NEW YORK (AP) -- Johan Santana is done for the year, and to say he had an up-and-down season would be an understatement of Cy Young proportions. Explaining that their struggling ace is worn down from two years of rehabilitation and near-constant maintenance, the New York Mets placed Santana on the 15-day disabled list Wednesday with inflammation in his lower back and said he is not expected to pitch again in 2012. Doctors recommended rest, but not surgery. "I wanted to keep pitching. I felt that I could pitch. But at the same time, I'm listening to them," Santana said. "They said that everything that I have done has been a lot. At some point I have to take some rest. At this point I think I agree with everything and we've just got to make sure we stay healthy and look forward to next year." The 33-year-old Santana missed last season following major shoulder surgery in September 2010 to repair a torn anterior capsule. He got off to a strong start this year and pitched the first no-hitter in Mets history June 1 against St. Louis. But he threw a career-high 134 pitches in that game and is 3-7 with an 8.27 ERA since. "I don't have any second thoughts about the way it was handled," general manager Sandy Alderson said. "This has not been a shoulder issue. So from that standpoint, I just don't see a direct correlation." The tailspin got ugly after Chicago Cubs outfielder Reed Johnson stepped on Santana's foot on a play at first base July 6. Beginning with that outing, Santana went 0-5 with a 15.63 ERA in his final five appearances -- becoming the first Mets pitcher to give up at least six runs in five consecutive starts. The two-time AL Cy Young Award winner was 6-4 with a 2.76 ERA through June but ended up 6-9 with a 4.85 ERA. He threw 117 innings in 21 starts. "At this point I'm very confident he'll be back next season and ready to go and hopefully in a stronger position than he was coming into this year," Alderson said. "If you look back at the season and what we reasonably could have expected at the beginning of the year, he's actually accomplished quite a lot. I think as we got close to midseason we recognized that, who knows how long Johan can go? "I can't sit here and say this is a shock or even a surprise. It's disappointing, but that's the nature of things," the GM added. "I don't believe that fewer innings would have preserved Johan. ... I don't think he was overused. There were times when he had extra rest." A few weeks after Johnson stepped on his foot, Santana was placed on the DL with a sprained right ankle. He was sidelined for three weeks, a stint that was also intended to recharge his surgically repaired shoulder. But in his first game back, Santana lasted only 1 1-3 innings against Atlanta -- the worst start of his career. He said Wednesday that he's been feeling tightness in his back for a couple of weeks, but it really stiffened up on him in his most recent outing last Friday at Washington. "The work he did to try to command stuff, the absolute effort he had to put in to make each pitch, wore him down. And so, that was obvious. And you just knew that some adjustments had to be made," manager Terry Collins said. "I think the rest is the perfect medicine for him right now." Santana had an MRI on Tuesday that revealed the inflammation and the left-hander was prescribed rest, medication and intermittent exercise. "There is no issue with his ankle, no issue with his shoulder," Alderson said. "Obviously, with a back problem and continuing to pitch, that itself could lead to problems with the shoulder or the ankle or an elbow, and that's another reason why we're trying to be cautious about this." Santana was placed on the DL retroactive to Saturday and New York will bring up right-hander Collin McHugh from the minors to start in his place Thursday against Colorado. So now, Santana will look toward 2013, the final guaranteed season of his 137.5 million, six-year contract. "I'm very positive that everything's going to be fine," he said. "It's too bad that I have to go down like this, but it's part of the game." The slumping Mets began the night 57-66. Santana said he will stay with the team through the end of the current homestand but after that, he's not sure. Alderson said he thinks Santana will want to head home to Florida to rest and then begin his offseason program. "He's healthy. All right, he's got a tweak in his back. With rest and his exercises, it'll go away. There's no reason to expect that next spring we don't have anything but probably the best condition he'll be in in a long time, with some rest and recuperation," Collins said. "He's looking at the season as a positive. I think we're in a good spot going into the winter. "It's time for a rest. But, when that rest is up, that rest is going to be over next February. And it's time to get after it." The Mets had recently committed to a six-man rotation with the intention of giving Santana and Chris Young extra rest, but Collins said they might go back to a five-man cycle now. The 25-year-old McHugh hopes to have his wife and parents in attendance for his big league debut Thursday. "It'll be fun," he said. NOTES: Alderson said OF Kirk Nieuwenhuis, demoted to Triple-A Buffalo on July 29, is expected to miss the rest of the season with a partially torn plantar fascia.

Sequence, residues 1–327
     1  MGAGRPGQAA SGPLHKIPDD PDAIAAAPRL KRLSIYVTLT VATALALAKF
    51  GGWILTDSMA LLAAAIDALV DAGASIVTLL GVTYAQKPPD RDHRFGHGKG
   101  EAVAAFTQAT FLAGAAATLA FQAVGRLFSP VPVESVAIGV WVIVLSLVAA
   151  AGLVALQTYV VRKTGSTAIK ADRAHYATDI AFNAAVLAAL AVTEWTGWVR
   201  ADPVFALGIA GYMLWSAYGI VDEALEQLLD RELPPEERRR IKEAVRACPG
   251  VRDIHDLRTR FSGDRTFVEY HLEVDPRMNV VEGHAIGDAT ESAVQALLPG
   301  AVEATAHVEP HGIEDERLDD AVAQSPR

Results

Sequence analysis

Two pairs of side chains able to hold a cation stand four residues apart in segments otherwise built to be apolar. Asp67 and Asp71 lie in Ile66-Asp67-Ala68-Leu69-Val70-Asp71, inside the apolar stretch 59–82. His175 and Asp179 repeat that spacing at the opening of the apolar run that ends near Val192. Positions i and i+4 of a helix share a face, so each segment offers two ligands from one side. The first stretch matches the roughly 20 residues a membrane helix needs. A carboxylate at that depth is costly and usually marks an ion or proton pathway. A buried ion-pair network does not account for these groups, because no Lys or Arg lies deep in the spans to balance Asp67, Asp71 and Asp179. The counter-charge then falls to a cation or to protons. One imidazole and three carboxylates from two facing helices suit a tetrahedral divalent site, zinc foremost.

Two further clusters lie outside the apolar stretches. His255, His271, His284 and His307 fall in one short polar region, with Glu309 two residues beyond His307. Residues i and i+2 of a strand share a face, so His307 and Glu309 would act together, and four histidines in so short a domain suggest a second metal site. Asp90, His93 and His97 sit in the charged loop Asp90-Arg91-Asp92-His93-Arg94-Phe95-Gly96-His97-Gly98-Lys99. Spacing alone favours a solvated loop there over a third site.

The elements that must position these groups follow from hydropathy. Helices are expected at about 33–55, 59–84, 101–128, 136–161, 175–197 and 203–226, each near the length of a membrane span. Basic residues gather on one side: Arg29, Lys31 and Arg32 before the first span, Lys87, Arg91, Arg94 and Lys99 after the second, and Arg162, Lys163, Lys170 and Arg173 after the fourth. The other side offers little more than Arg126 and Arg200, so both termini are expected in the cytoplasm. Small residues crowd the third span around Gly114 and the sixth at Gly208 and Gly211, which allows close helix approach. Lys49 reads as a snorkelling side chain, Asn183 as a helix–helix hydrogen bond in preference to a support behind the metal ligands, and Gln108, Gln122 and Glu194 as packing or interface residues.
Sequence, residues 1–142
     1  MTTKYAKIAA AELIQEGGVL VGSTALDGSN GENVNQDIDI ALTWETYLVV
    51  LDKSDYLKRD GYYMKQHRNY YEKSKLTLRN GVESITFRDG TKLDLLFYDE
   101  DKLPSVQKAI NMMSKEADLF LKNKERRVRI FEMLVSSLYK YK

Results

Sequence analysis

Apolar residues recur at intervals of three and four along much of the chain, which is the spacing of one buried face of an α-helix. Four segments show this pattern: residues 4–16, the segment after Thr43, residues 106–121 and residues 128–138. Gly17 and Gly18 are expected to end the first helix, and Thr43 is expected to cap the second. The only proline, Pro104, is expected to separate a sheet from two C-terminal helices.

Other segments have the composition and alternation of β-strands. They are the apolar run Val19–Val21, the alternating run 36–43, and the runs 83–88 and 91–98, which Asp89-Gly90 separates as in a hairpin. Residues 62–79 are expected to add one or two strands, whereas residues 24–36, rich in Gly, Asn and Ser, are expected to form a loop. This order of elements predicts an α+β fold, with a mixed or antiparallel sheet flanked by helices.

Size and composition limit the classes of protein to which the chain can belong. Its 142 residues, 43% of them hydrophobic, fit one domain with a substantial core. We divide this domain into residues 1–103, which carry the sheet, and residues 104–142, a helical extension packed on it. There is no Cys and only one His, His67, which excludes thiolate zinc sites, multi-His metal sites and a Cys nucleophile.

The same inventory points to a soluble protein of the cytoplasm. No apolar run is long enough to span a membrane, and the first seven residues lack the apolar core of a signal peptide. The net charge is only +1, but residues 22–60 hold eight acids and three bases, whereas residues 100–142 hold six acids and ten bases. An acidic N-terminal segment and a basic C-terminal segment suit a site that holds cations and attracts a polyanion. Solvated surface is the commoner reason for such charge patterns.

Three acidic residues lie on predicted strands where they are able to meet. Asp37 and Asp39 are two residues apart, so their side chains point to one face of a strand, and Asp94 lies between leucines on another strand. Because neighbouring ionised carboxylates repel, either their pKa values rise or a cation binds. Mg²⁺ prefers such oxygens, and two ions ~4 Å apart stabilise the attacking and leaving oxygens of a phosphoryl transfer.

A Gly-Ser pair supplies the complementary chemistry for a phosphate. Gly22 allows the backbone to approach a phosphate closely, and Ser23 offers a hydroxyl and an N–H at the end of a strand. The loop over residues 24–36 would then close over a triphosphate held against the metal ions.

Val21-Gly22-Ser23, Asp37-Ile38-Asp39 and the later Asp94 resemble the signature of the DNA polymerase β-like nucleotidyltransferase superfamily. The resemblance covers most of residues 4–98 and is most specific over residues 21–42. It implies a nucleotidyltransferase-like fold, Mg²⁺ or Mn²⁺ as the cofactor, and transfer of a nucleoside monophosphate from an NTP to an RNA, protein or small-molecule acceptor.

Haggerty: For better or worse, Bruins need to make a call on Julien